The category of charity cookbooks offers a special appeal for collectors, telling the personal stories of different eras, cultures, regions and the people who contributed to them. As you read through the recipes, essays, poems and anecdotes, you get to know the communities and the period in which these books were created.
1910. Royal Camp Cookery. Kenealy, Capt. A. J.Kenealy. Royal Baking Powder Co. Stapled booklet. 32-page Advertising or promotional recipe booklet by Royal Baking Powder Co. “Specially prepared for use by Capt. A. J. Kenealy, the author of many articles and books on subjects of outdoor work and sport” Scarce. Prepared as a promotional cookbook and recounts the success of the baking powder when used by contractors digging the Panama Canal, by miners in the South African Mines, by gold diggers of the Klondyke and Cape Nome and as the only brand that can stand the heat of the jungle and the cold of the Arctic.
Cooking during conflict
1942, 1943. Victory Binding Of The American Woman’s Cook Book Wartime Edition.
Prudence Penny’s West Coast home radio show ran for approximately 20 years. Yet, despite the popularity of her show and the cookbooks and newspaper columns in her name, reliable information about her creation and identity remains elusive. Like Aunt Sammy and Betty Crocker, Prudence was likely a fictional home economist, offering household hints, recipes and advice on the radio and in local papers. We suspect different individuals penned her cookbooks.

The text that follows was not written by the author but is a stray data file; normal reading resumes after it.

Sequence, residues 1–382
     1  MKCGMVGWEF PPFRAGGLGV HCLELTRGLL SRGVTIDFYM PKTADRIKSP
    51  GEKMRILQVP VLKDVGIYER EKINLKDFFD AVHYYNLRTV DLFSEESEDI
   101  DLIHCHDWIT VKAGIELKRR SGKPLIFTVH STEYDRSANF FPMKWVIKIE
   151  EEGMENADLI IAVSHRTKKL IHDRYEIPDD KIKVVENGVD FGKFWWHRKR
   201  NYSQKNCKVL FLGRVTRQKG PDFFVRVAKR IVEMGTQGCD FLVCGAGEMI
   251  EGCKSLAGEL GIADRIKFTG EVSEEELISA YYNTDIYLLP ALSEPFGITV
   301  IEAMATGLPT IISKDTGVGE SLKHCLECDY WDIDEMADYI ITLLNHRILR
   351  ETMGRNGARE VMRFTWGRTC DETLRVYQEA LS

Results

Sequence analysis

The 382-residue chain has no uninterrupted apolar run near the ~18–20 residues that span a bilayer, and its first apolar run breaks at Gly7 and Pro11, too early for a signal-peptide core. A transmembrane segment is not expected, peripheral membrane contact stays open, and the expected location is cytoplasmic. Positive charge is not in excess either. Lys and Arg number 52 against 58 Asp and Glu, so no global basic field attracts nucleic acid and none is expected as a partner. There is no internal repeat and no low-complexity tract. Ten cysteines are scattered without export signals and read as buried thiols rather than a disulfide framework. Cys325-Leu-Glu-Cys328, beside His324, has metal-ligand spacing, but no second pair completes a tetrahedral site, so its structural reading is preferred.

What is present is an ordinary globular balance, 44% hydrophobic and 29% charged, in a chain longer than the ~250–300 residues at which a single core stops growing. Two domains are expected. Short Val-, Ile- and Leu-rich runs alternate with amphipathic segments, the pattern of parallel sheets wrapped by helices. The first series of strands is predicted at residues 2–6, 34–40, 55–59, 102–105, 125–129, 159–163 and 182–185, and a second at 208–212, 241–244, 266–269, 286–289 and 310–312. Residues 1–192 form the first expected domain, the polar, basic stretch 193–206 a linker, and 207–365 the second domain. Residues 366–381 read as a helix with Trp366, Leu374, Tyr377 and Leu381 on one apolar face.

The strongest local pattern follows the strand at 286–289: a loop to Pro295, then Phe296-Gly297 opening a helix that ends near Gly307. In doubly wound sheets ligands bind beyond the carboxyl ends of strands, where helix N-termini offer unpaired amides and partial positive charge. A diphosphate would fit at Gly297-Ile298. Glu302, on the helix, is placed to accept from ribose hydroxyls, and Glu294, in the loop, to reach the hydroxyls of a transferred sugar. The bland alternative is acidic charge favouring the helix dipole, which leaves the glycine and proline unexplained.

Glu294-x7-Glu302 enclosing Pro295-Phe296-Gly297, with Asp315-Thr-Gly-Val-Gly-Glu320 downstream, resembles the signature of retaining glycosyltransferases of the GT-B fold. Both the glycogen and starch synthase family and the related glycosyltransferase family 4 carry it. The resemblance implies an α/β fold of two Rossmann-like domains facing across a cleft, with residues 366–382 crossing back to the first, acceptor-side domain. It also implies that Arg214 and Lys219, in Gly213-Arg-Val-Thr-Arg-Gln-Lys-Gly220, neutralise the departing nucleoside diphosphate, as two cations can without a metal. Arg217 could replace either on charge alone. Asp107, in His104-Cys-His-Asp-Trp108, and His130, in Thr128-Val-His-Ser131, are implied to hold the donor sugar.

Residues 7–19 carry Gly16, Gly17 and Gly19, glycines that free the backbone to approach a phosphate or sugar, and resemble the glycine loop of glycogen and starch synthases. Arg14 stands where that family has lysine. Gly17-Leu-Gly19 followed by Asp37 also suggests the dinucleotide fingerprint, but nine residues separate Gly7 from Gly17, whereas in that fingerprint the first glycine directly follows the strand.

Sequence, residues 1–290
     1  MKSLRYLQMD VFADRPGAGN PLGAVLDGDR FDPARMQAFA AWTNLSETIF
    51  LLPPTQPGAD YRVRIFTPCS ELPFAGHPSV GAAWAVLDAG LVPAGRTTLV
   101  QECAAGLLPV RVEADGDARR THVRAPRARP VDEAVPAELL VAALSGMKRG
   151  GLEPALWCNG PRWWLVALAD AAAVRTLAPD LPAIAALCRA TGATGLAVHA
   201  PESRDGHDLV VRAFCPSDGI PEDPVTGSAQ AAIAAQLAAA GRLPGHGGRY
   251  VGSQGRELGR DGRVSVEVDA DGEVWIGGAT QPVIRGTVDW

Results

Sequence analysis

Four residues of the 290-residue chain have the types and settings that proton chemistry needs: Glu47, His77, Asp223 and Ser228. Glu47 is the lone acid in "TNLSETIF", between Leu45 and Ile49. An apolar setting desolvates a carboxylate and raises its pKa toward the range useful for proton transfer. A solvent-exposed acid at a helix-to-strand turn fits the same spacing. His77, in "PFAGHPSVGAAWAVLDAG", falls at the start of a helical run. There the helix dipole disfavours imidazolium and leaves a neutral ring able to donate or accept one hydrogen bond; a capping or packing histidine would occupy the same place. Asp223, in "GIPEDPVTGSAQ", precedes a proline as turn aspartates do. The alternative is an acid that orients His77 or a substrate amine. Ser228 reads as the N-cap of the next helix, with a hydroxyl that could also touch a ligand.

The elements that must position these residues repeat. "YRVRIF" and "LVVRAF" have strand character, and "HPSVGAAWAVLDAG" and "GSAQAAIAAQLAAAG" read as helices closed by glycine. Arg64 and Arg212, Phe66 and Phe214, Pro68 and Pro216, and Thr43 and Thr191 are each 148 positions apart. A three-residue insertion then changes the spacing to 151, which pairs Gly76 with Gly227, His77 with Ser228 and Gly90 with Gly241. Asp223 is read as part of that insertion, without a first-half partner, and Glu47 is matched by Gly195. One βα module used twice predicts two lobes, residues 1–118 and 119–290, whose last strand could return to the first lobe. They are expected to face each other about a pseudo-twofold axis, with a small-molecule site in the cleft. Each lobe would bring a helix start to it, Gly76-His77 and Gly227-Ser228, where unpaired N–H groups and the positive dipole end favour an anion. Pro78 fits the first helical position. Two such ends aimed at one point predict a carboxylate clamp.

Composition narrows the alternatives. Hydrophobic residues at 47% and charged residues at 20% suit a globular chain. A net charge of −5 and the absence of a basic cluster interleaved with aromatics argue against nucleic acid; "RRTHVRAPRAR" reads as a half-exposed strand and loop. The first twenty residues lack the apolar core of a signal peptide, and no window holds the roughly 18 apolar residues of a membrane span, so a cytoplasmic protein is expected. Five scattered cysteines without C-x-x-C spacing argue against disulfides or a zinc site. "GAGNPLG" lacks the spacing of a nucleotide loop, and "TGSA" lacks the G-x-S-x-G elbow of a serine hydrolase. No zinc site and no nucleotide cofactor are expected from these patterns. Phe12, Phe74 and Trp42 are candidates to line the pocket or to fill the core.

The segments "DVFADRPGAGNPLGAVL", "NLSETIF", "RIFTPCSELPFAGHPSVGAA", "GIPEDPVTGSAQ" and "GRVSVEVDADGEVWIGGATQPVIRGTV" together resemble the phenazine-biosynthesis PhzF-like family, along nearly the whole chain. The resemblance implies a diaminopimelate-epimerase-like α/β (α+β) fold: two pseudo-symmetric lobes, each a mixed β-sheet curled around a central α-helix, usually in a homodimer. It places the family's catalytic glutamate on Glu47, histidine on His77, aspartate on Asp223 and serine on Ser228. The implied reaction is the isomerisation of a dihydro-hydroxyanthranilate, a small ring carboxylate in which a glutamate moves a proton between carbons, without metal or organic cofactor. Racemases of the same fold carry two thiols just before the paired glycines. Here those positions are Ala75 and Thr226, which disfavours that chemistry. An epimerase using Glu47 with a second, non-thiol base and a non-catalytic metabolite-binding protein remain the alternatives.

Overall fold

She is credited as a columnist for the Seattle Post Intelligencer and for the San Francisco Examiner, and as Home Economics Editor for the Los Angeles Times.
A recipe for success
Try to buy books with dust jackets whenever possible. A dust jacket not only protects the book, but it often provides hard-to-find information about the author or the cookbook itself. Dust jackets are often missing from older cookbooks and, when intact, instantly add value.
Buy the best condition you can afford. Buying a book in “cooking copy” condition is a good idea only if you intend to use it in the kitchen, or consider it a “placeholder” in your collection.
Store your cookbooks out of the kitchen, out of the basement and out of the attic. Even the cleanest kitchens tend to be a challenging environment for a book (grease, smoke, moisture, humidity, etc.) And we’ve seen a lot of great old books ruined by insects, moisture, heat and other effects of improper storage.
If you intend to use the cookbooks you purchase, consider buying the best copy you can afford and buying another one in marginal shape for the kitchen.
Buy from reputable dealers who know cookbooks, know how to describe them and offer a money-back satisfaction guarantee.
Focus your collection on a particular sub-category or passion. This might be anything from a collection of cookbooks from your region to a collection about confections, cakes or cocktails. From a buyer’s point of view, focused and complete collections are more desirable than a disparate gaggle of books. From a collector’s perspective, it will make your treasure hunting more manageable.
Learn much more about collectible cookbooks.
Antique Trader® Collectible Cookbooks Price Guide, by Patricia Edwards and Peter Peckham
Retail: $21.99/Your price: $9.50
Available at Shop.Collect.com.